Bohemian Hall & Beer Garden, located at 29-19 24 Avenue in Astoria, will have live music as well as drink specials on Saturday, March 16 and Sunday, March 17. Live music starts at 3:30 p.m. From 2-6 p.m., buy a $20 mug of beer and get free unlimited refills. All day long drink specials include: $4 Bushmills shots, $5 Jameson shots, $6 Jager bombs and $7 Irish car bombs. $12 corned beef and cabbage served with potatoes and carrots. Plus, more specials and events. Free admission.

The Garden @ Studio Square, located at 5-33 36th Street in Long Island City, will hold a post parade party from 2-6 p.m. $40 at the door gets you unlimited beer, wine and sangria, corned beef and cabbage and a Rocky Patel Premium cigar. On Sunday, March 17 drink specials will be offered starting from noon. $2 Jameson shots, $5 Irish car bombs and $5 corned beef and cabbage. An $18 Lucky Charms special gets you a pitcher of Killians Irish Red and three shots of Jameson.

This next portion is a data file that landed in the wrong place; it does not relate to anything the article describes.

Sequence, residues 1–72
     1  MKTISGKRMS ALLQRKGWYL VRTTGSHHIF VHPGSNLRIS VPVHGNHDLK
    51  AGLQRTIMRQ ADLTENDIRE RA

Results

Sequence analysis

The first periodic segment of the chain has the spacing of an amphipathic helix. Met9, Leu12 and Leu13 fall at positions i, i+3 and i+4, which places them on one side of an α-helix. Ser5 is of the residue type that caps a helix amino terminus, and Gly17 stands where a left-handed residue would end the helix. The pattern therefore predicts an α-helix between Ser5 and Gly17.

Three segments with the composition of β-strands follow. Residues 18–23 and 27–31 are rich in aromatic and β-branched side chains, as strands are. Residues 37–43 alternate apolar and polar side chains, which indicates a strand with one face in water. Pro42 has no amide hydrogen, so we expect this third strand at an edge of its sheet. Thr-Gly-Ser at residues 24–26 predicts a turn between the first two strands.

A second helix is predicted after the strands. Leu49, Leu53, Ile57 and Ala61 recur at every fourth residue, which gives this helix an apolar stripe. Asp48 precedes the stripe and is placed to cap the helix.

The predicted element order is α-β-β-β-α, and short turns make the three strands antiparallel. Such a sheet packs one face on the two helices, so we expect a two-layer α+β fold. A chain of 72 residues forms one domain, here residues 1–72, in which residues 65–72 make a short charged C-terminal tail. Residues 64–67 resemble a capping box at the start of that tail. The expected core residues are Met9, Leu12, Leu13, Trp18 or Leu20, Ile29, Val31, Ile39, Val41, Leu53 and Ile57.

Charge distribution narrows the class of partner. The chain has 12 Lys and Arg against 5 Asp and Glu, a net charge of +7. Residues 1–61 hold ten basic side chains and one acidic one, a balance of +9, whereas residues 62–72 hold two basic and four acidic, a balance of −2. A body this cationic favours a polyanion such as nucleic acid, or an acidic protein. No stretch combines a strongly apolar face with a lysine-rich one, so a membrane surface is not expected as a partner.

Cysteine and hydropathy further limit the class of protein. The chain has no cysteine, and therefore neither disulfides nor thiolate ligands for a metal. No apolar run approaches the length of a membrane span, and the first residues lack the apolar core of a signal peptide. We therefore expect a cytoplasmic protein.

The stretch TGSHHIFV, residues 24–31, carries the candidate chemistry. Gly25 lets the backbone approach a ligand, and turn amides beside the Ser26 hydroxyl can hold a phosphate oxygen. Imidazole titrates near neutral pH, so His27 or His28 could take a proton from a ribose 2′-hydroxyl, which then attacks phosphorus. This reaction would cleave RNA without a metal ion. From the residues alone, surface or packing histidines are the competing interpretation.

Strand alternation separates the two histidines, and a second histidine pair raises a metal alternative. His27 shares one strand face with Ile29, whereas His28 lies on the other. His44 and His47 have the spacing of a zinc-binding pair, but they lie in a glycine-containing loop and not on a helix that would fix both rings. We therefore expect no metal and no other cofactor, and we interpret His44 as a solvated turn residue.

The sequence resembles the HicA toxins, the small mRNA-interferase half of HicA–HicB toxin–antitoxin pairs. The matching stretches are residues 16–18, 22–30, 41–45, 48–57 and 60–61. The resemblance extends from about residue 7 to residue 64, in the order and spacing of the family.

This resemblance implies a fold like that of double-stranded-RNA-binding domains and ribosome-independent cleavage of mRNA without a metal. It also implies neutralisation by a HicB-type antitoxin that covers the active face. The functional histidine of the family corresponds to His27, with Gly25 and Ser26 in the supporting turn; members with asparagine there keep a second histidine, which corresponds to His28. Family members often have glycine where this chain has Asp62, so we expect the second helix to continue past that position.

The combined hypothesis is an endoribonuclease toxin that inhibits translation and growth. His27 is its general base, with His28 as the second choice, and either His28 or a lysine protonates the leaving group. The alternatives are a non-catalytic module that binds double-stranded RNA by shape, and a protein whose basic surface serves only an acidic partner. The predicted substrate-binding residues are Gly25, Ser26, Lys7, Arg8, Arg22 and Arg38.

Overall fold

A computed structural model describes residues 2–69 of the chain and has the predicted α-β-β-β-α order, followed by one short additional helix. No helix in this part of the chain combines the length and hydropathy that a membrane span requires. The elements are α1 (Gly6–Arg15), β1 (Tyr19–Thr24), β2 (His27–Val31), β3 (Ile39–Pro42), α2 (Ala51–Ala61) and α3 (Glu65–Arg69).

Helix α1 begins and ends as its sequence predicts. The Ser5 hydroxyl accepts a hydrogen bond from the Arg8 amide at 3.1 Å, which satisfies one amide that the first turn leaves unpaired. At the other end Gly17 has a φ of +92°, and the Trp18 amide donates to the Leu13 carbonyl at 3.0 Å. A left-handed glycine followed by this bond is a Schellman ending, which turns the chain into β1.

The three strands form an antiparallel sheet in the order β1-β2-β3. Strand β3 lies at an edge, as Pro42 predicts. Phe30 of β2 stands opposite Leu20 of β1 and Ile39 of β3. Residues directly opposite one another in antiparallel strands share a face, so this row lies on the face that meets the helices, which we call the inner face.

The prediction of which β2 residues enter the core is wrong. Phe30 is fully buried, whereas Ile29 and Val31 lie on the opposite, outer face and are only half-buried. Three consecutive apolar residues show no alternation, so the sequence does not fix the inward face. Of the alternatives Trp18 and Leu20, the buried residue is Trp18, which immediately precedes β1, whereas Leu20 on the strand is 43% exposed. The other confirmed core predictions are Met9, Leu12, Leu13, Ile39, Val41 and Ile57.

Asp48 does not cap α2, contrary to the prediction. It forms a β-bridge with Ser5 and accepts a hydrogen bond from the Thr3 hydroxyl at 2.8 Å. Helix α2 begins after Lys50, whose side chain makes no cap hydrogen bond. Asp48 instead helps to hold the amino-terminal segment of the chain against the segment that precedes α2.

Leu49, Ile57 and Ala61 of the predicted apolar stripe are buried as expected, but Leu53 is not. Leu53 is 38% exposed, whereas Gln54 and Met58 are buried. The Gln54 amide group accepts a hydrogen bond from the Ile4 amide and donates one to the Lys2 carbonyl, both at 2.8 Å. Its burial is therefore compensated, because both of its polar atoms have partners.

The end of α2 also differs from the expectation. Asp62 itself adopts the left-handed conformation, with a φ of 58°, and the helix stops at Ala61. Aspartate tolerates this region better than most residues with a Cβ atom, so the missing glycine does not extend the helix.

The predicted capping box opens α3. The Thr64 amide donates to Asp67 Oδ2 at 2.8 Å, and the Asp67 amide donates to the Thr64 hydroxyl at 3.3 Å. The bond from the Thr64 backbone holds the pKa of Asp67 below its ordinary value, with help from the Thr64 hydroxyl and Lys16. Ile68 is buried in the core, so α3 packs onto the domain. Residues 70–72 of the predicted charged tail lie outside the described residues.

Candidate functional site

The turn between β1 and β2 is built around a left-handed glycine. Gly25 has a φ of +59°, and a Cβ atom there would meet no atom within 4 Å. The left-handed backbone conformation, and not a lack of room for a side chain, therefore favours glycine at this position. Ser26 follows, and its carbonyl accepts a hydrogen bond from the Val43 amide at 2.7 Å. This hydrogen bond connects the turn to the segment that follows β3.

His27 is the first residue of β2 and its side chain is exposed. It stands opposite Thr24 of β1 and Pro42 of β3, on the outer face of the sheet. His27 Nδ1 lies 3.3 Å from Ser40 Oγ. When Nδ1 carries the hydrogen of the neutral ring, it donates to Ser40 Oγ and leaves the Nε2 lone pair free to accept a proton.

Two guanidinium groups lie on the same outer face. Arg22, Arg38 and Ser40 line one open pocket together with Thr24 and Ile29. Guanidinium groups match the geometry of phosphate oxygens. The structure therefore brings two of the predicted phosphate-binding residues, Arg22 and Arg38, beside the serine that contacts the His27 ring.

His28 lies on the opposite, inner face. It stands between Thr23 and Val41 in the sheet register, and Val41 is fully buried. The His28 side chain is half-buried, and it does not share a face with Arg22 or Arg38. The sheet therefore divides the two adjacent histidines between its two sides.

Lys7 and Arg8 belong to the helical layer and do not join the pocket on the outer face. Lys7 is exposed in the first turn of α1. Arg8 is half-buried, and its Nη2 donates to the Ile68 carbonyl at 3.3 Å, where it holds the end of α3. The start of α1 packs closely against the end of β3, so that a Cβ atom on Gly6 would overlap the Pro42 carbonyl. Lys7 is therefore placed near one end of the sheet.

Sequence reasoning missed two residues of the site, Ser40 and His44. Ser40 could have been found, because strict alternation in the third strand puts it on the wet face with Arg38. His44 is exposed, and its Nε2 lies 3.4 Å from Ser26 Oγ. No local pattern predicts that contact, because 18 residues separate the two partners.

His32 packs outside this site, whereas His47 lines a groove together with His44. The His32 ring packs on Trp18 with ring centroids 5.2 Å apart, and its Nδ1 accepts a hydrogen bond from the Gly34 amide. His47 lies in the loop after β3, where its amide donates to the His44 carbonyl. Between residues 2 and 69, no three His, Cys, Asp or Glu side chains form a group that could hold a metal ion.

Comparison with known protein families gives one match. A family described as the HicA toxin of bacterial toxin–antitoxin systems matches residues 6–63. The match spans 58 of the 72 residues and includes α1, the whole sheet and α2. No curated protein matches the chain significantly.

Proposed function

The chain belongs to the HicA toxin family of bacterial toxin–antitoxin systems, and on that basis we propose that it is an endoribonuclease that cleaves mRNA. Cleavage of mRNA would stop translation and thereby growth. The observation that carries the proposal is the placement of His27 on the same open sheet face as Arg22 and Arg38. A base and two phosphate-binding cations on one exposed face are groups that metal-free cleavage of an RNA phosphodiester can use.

Street Talk: What are your plans for St. Patrick’s Day?

By Queens Courier Staff | editorial@queenscourier.com




I’m going to try and get into an Irish pub to get into the spirit.
Phyllis Fischer

I’ll probably watch some festivities and parades on television. For me, it’s just another day.
 Barry Skolnick

I’ll be in Florida in the warm weather, playing golf on the green course.
Kathryn Bitetti

If I remember it’s St. Patrick’s Day, I’ll wear green.
Bernice Luft

I’m going to do martial arts with Guru Dan Inosanto.
Sarah Leibowitz

I’m expecting my grandchildren in from Massachusetts. They’re going to come spend the day with me.
 Shirley Sapirstein

I’m not Irish, so I don’t think I’ll celebrate St. Patrick’s Day.
Suzanne Reissman

I’m going to be taking care of the people that come into the bar where I work.
Tanya Rios

Emerald Society Pipes and Drums celebrate 50th anniversary at Citi Field

| tcullen@queenscourier.com

THE COURIER/Photo by Terence M. Cullen